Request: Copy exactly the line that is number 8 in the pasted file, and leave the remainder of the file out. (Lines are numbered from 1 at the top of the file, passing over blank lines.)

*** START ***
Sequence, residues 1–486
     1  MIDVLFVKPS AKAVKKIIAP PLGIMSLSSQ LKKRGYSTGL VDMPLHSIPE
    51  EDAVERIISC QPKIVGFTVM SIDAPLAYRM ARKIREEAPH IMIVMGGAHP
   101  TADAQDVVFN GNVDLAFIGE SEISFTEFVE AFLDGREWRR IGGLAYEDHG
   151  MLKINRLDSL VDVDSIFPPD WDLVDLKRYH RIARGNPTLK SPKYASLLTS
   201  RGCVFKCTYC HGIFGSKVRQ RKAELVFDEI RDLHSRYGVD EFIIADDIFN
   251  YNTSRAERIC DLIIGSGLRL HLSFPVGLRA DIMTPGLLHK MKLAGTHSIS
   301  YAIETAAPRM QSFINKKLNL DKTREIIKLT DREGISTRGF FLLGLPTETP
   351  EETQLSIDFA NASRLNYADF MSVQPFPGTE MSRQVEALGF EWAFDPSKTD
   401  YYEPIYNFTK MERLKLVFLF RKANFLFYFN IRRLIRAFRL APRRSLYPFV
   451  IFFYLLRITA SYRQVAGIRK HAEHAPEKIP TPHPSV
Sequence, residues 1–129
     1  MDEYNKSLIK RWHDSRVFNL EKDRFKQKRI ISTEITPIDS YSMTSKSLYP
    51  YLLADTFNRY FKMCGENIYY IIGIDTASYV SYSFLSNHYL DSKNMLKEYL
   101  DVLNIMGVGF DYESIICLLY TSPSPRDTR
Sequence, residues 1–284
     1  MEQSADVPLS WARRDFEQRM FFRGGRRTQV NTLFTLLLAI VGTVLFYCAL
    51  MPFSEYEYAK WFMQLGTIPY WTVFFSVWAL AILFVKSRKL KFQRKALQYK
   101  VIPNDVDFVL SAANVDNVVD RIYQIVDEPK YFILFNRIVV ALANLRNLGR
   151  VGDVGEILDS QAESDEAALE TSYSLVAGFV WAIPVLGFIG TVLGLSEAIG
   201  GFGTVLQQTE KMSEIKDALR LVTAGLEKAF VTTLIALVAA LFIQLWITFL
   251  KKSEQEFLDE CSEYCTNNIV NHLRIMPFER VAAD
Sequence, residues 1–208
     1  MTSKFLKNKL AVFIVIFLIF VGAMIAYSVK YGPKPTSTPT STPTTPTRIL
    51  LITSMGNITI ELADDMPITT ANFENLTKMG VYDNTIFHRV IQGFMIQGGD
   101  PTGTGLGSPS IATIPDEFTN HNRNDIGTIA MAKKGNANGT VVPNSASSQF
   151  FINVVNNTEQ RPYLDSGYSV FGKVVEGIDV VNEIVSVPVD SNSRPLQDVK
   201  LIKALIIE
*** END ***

   301  YAIETAAPRM QSFINKKLNL DKTREIIKLT DREGISTRGF FLLGLPTETP